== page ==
treated the \f\ sound in the singular as different from the \f\ sound in 
the plural.  In Old English times, there could be no word [vat] 
different from [fat] -- such a distinction was just not made.  
Gradually, the sounds came to be heard as distinct.

So when creating the sounds of your language, you need to realize that 
they will only approximate English sounds, not exactly match them, and 
might not reflect distinctions currently made in English.  The [hw] 
sound in _whale_ might be regarded by your speakers as the same as the 
[w] sound in _wail_ (yes, they are different sounds, but you might have 
to listen closely as you pronounce them to tell the difference).

You can certainly include in your language sounds that are not part of 
English, say the French vowels, typically pronounced with the lips 
rounded, or the expectorating [kh] of Hebrew and Yiddish, let alone the 
clicking sounds of the Hottentots and Bushmen.  However, you should 
refrain from having too many unusual sounds in your language; you want 
your readers to be able to pronounce your words without too much 
difficulty.  Simply having regular sounds combined in unique ways (e.g., 
_sretan_, or _tsedet_) will be enough to convince them it is a unique 
language anyway.

Languages are very strict about how sounds are combined.  English, for 
instance, allows words to begin with [sn-], but never [zn-].  The rules 
English uses could fill pages, but as a modeler you want to just hint at 
complexity.  You may want to have a combination that is unusual in 
English and make it frequent in your language:  for instance, have some 
words begin with [sr-], [kn-], [kth-], [tl-], but here again restraint 
is the order of the day.  

As you specify how sounds can be combined, you may want to outline valid 
syllables.  Your language might only allow syllables of CVC 
(Consonant+Vowel+Consonant) or just CV or VC.  Some languages, like 
Japanese or Korean, have very strict limits on how syllables can be 
formed, making it possible to list all the valid syllables of the 
language.  But where Hawaiian allows just 162 different syllables, Thai 
has 23,638 syllables.

Two languages can have the exact same consonants and vowels and yet 
sound very different, depending on the syllable patterns and on the 
frequency of the consonants and vowels.  You may want to list the sounds 
that occur most often.  By paying rigorous attention to this when 
developing the proto-language, you can relax a little more during 
creation of the descendant language, which will carry on many of the 
same frequency patterns, though applied to different sounds as the 
sounds change.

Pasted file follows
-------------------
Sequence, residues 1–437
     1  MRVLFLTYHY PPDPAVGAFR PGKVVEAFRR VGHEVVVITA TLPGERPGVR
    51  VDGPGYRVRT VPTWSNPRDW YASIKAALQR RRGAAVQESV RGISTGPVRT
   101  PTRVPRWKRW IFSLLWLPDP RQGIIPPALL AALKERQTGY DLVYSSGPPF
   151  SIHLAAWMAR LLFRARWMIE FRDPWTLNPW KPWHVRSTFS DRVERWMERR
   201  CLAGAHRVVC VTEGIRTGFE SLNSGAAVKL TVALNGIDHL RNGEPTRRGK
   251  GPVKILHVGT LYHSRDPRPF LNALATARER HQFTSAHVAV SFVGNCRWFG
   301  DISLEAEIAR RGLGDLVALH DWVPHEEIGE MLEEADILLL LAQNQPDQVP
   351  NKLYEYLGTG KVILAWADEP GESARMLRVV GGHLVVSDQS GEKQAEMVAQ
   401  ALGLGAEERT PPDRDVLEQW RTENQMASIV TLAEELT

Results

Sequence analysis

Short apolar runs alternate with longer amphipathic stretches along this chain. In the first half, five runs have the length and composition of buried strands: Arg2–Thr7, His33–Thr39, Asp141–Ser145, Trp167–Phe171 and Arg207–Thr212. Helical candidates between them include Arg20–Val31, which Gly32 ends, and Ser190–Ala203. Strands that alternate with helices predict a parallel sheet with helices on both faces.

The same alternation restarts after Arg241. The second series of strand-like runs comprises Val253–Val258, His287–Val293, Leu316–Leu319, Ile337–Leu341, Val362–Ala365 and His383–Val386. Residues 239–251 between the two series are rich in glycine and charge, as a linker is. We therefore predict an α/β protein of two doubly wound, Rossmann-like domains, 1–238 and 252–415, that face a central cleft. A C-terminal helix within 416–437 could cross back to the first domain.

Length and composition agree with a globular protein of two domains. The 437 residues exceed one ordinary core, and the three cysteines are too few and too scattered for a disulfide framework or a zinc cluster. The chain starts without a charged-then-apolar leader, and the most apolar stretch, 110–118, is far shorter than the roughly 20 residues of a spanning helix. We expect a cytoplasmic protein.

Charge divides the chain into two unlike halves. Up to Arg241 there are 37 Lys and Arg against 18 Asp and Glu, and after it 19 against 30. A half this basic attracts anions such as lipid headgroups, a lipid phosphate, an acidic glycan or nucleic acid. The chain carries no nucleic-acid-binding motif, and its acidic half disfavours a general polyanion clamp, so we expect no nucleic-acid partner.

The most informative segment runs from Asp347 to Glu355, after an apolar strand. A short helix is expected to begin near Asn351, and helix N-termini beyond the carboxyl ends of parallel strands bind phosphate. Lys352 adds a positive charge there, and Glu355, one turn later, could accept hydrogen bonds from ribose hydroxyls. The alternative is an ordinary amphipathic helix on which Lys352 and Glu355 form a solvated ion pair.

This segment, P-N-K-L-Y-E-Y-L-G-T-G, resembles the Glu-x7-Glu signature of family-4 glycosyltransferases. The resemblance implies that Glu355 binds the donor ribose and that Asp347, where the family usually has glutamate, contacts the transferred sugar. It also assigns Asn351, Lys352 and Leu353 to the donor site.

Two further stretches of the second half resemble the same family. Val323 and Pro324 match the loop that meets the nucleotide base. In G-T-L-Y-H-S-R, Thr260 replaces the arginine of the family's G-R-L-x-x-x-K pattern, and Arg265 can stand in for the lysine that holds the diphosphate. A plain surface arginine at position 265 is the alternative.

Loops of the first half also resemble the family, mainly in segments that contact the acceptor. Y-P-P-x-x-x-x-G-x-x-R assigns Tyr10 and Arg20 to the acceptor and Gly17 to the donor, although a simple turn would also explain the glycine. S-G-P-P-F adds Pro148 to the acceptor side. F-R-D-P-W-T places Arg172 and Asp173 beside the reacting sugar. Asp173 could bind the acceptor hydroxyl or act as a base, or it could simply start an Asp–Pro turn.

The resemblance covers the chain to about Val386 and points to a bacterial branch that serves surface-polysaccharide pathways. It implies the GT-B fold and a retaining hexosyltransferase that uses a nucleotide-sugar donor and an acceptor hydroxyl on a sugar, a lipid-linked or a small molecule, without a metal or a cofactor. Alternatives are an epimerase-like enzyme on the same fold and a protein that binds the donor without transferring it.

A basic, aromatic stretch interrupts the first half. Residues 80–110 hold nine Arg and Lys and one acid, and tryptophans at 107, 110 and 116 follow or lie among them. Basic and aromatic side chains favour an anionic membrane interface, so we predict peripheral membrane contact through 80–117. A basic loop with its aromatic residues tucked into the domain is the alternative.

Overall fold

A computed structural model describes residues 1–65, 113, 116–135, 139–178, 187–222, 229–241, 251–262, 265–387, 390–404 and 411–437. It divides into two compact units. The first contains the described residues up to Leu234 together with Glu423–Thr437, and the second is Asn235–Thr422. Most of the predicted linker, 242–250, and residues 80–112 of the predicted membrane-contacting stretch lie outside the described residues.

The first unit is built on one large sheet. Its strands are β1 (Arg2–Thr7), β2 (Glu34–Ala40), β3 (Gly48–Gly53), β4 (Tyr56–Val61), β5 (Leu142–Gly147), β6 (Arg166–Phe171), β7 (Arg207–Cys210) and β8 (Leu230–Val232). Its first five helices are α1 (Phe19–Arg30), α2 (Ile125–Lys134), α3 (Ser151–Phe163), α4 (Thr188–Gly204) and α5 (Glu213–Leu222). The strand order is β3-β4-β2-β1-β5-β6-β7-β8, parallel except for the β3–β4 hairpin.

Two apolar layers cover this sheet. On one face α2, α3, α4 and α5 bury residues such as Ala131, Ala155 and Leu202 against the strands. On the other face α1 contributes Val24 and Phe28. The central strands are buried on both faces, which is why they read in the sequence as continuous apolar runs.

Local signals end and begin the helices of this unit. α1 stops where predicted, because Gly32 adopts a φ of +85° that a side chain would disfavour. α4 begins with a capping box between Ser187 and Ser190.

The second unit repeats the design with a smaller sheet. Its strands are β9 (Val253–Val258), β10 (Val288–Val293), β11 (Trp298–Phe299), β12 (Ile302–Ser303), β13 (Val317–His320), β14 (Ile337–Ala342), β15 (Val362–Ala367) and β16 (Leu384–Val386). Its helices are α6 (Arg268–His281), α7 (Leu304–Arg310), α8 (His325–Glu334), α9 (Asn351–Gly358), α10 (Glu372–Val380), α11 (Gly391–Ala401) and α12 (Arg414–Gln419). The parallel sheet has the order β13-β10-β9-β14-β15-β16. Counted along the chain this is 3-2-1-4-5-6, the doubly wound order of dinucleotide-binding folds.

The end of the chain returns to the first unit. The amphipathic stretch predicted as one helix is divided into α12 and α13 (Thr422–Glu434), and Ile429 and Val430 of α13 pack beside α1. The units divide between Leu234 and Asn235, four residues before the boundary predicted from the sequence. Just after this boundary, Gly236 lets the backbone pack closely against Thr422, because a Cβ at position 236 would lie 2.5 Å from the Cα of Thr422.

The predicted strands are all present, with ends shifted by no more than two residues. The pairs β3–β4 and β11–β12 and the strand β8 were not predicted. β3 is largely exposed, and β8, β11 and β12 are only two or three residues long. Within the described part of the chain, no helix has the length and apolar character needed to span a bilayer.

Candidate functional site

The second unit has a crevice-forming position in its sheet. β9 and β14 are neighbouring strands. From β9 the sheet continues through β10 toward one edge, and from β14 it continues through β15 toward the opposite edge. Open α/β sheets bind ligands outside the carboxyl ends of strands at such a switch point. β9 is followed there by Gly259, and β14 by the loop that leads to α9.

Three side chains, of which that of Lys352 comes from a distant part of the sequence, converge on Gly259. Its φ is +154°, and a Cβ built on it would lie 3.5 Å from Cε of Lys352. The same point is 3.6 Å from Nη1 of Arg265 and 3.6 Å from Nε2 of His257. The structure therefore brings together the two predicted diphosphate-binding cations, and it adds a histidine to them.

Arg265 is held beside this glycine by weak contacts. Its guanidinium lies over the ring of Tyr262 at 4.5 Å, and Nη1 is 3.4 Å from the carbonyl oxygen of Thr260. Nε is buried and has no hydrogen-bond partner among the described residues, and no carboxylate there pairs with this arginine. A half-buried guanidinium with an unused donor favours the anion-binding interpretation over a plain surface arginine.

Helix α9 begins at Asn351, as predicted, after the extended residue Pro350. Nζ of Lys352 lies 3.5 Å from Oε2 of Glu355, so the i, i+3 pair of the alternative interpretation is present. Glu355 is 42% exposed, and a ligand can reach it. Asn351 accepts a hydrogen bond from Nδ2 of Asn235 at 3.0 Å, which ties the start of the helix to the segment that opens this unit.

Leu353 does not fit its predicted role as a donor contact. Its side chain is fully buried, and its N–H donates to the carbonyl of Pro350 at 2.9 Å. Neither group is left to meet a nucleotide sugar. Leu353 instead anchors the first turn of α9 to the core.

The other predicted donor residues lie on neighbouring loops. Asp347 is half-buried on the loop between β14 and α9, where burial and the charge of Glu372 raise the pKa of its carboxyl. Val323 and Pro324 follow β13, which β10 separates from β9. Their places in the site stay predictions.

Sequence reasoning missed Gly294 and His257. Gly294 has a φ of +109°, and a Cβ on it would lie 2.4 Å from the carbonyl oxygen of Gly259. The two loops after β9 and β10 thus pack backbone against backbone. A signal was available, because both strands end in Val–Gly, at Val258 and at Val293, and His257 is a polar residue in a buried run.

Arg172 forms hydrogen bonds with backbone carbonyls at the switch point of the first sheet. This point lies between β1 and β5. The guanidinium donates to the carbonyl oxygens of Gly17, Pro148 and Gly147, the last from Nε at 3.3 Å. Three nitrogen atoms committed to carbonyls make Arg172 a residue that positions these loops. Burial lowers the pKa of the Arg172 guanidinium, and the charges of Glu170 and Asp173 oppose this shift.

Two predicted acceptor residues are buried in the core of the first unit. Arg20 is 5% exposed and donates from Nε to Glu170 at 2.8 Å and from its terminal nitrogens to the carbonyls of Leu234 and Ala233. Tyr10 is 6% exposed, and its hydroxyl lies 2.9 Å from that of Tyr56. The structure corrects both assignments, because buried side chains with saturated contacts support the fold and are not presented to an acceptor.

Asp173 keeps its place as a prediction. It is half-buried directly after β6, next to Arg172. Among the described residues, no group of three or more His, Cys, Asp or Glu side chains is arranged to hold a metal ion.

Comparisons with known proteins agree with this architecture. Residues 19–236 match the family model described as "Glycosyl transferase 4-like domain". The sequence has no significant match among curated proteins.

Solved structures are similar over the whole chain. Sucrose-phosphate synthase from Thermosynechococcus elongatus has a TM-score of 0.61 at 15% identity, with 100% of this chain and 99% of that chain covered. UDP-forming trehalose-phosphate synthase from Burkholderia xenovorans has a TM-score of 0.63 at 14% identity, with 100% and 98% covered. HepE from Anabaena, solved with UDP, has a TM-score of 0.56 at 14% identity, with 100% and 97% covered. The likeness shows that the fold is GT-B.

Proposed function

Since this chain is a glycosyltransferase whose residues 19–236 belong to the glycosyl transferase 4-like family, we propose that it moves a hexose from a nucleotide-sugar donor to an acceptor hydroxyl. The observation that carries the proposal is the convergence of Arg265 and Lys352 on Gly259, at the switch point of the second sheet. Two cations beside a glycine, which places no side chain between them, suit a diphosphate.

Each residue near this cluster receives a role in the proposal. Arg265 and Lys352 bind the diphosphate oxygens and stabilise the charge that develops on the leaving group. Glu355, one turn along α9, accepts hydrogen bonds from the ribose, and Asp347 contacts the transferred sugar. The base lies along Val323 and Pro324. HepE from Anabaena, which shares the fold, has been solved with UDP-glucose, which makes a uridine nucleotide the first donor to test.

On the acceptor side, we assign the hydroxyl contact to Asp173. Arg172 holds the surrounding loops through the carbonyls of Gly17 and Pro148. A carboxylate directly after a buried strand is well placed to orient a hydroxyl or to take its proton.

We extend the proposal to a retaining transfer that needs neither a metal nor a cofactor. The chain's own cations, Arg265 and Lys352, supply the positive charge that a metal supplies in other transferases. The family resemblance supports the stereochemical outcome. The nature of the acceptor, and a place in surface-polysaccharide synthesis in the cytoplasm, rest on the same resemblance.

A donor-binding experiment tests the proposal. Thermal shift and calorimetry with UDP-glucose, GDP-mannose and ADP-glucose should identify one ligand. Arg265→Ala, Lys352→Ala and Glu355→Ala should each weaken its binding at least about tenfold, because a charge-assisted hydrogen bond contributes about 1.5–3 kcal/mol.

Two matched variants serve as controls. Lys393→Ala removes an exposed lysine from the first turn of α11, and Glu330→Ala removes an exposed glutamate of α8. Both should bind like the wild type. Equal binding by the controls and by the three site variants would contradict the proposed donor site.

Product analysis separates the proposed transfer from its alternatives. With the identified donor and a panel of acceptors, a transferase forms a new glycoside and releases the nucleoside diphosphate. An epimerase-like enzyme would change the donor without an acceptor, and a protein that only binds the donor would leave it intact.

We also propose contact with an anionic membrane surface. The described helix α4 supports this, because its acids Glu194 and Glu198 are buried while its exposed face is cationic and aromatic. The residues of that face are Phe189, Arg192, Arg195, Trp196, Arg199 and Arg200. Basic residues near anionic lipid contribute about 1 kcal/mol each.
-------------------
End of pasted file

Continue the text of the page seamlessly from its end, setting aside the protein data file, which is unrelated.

Many languages have very simple vowel systems.  Eskimo-Aleut has just 
three vowels (the smallest number ever observed), while Spanish and 
Japanese each has five vowels.  The typical language has between 5 and 7 
vowels, but Indo-European languages usually have more;  English has 12, 
and German has 14.  The African language Khoisan has the record with 24 

Languages have been observed to have anywhere from six consonants 
(Rotokas) to 95 (Khoisan), with an average of 22.8 consonants.  The 
typical language has twice as many consonants as vowels.  The most 
common consonants include [p], [b], [t], [d], [k], [g], [gh], [f], [s], 
[sh], [m], [n], [ng], [gng], [w], [l], [r], [j] and [h].

For a great discussion of the sound structure of languages, check out 
_The Cambridge Encyclopedia of Language_ by David Crystal.


Over time, sounds gradually change in certain circumstances.  John F. 
Kennedy, like many Bostonians, would drop his last [-r] from words like 
[car], while adding an [-r] to _Cuba_ [cubar] and _idea_ [idear].  As 
alluded to before, had enough Americans adopted this, it would have been 
considered a regular sound change and many other words might have 
undergone this change.  Or listen to the dialect of Brooklyn, where 
[bird] becomes [boyd], for instance;  someday all English speakers might 
pronounce [ir] as [oy].  No doubt, through the rise of one dialect in 
Old English, the sound [sk] was gradually becoming [sh].

Over great periods of time, these changes become more pronounced.  
Literally and figuratively.

Here are some common ways consonants evolve into one another:

     b <---> gw
     b <---> p
     b <---> v
     ch <---> kw
     d <---> g
     d <---> t
     d <---> th
     f <---> p
     f <---> v
     g <---> d
     g <---> k
     g <---> w
     g <---> y
     g <---> z
     gu <---> gw
     gw <---> b
     gw <---> d
     gw <---> g
     gw <---> gu
     gw <---> k
     gw <---> ku
     gw <---> kw
     gw <---> v
     gw <---> y
     gw <---> zh
     h <---> hy
     h <---> k
     h <---> s
     h <---> y
     hv <---> hw
     hw <---> hv
     hw <---> kw
     hw <---> p
     k <---> g
     k <---> gw
     k <---> h
     k <---> kw
     k <---> s
     k <---> th
     kh <---> kw
     ku <---> gw
     ku <---> kw
     kv <---> kw
     kw <---> ch
     kw <---> gw